In my view, it's better to sell when there's a reason to sell, rather than to cap your gains at 8%. I'm assuming you have no such criteria on the other side - i.e. hold your losses down to 8%. That's because what matters is how much you make overall in your portfolio, not how much you make per trade.
Example: if you own three stocks, equal amounts - and two go up 20% but one falls 20%. If you sell your gains at 8%, and hold the loser, you have net LOST money.
So when do you actually sell? You might say a "fall of 10%" from the last high is good enough to sell. This is called a "trailing" stop, which means if a stock goes from 100 to 120, I'll still hold and sell if it retraces to 108. Needless to say if it had gone from 100 to 90, I would still be out. The idea is to ride the trend for as long as you can, because trends are strong. And keep your trailing stops wide enough for it to absorb natural jiggles, because you may get stopped out of a stock that falls 4% but eventually goes up 200%.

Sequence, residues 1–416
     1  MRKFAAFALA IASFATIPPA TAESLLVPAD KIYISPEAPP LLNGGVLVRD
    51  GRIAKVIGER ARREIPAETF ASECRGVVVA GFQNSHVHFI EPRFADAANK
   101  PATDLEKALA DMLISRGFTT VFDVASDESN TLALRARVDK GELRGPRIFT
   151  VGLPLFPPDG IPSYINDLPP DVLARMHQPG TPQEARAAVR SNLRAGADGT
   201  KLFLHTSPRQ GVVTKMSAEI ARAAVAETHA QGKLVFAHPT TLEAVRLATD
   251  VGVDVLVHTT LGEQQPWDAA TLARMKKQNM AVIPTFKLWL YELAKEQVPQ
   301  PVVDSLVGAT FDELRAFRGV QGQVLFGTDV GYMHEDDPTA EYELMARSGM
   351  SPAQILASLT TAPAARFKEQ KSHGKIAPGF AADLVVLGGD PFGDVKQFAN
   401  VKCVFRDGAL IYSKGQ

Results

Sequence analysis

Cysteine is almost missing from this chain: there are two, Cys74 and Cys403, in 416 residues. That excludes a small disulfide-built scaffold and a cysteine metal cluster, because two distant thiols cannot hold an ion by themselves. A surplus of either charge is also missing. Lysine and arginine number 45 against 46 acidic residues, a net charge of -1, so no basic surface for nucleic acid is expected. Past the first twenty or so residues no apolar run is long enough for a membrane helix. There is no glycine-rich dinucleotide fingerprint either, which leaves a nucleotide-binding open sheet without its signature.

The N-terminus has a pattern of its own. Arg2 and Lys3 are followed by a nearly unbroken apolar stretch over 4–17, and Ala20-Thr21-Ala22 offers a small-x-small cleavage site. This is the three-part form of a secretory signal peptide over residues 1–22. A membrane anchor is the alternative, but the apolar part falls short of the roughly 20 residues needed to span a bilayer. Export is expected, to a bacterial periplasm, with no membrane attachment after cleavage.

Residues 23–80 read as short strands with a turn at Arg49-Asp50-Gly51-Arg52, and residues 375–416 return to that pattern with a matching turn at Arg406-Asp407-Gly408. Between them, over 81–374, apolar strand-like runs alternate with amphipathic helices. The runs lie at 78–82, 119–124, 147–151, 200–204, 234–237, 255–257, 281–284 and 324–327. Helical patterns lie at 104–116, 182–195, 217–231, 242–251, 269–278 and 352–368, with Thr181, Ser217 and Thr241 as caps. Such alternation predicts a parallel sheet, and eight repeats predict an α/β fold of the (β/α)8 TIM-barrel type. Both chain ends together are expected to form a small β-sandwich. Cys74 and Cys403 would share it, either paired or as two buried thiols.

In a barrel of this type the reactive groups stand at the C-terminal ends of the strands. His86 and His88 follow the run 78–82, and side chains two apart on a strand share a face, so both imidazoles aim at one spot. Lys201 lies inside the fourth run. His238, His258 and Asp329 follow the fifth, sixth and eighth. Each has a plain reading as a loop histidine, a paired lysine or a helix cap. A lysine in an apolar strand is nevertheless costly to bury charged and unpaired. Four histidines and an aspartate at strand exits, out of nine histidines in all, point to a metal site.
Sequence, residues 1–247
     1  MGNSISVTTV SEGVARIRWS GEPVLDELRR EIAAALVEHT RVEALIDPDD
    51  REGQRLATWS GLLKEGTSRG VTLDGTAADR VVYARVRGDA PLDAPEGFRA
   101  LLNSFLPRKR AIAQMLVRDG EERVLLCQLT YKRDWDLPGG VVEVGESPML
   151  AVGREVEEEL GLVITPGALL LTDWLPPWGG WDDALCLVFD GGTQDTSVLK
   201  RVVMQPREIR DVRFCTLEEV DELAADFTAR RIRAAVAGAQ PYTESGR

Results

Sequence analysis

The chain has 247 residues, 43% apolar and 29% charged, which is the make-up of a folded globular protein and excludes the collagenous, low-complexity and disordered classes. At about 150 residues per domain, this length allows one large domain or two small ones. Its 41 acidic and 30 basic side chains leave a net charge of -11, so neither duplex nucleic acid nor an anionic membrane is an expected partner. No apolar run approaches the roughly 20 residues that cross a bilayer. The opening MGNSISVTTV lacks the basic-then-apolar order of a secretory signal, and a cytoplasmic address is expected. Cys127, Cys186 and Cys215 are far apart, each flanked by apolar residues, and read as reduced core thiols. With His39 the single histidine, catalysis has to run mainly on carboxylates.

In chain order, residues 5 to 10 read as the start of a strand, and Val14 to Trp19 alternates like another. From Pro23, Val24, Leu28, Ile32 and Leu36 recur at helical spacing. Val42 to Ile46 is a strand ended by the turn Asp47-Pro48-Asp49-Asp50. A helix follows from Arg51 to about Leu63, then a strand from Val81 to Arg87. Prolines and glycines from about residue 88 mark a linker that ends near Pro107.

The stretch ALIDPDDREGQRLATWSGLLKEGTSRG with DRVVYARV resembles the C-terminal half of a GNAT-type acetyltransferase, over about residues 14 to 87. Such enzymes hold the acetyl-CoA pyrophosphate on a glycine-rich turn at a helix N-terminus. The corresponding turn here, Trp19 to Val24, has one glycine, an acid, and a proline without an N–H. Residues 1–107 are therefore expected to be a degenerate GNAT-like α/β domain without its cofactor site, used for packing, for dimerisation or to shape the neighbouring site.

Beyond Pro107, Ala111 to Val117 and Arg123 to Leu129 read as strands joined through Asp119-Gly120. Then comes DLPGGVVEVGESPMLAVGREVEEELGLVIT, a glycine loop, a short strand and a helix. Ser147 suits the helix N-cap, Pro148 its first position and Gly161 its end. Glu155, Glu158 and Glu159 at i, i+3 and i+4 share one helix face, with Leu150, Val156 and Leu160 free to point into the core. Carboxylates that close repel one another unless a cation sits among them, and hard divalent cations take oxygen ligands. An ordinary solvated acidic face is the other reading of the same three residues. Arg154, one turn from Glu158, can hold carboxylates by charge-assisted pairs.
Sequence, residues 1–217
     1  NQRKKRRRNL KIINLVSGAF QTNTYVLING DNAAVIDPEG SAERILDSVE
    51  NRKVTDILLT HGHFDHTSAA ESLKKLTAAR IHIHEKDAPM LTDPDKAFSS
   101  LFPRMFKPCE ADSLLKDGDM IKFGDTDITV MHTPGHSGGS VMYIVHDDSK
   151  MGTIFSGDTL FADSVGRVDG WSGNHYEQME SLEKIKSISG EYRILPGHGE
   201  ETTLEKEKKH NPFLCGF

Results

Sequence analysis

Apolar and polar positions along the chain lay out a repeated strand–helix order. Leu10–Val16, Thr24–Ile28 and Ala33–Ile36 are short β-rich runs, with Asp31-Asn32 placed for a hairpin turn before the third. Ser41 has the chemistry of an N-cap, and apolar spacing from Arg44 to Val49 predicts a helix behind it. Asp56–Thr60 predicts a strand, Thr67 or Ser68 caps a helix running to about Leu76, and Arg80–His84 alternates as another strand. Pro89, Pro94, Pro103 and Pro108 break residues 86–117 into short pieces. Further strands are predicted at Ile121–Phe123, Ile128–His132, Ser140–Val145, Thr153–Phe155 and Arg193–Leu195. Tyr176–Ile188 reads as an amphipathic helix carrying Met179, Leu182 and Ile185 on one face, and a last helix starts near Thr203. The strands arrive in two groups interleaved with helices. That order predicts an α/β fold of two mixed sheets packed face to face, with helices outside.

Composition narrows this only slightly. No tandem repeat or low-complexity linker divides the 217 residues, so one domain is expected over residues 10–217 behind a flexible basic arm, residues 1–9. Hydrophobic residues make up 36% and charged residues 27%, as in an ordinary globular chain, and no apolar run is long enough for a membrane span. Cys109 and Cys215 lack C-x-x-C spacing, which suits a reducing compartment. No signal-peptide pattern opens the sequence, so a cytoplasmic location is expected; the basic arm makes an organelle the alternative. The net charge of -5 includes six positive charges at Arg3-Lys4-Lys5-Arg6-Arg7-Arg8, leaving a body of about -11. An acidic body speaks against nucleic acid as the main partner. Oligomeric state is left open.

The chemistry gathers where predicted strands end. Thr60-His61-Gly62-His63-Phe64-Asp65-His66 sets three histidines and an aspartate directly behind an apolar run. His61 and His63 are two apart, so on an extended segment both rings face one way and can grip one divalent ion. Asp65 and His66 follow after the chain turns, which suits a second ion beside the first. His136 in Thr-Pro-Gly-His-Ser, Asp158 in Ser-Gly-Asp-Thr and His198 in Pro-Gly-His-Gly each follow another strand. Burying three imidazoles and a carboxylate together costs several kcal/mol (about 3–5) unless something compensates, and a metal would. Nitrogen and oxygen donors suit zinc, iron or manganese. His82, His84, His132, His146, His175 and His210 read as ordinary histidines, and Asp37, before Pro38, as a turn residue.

Or sell under other conditions: if the earnings show a distinct drop, or the sector falls out of favor.
Whenever you decide to sell, also consider what it would take for you to buy the stock back - increased earnings, strong prices, a product release, whatever. Because getting out might seem like a good thing, but it's just as important to not think of it as saying a stock is crappy - it might just be that you had enough of one ride. That doesn't mean you can't come back for another one.